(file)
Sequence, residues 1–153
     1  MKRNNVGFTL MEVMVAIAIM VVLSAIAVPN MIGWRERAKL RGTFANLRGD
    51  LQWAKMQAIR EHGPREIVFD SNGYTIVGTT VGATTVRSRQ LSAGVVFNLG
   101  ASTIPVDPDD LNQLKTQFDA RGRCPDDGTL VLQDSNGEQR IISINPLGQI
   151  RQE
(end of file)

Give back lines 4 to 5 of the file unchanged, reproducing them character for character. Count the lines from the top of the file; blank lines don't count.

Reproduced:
   101  ASTIPVDPDD LNQLKTQFDA RGRCPDDGTL VLQDSNGEQR IISINPLGQI
   151  RQE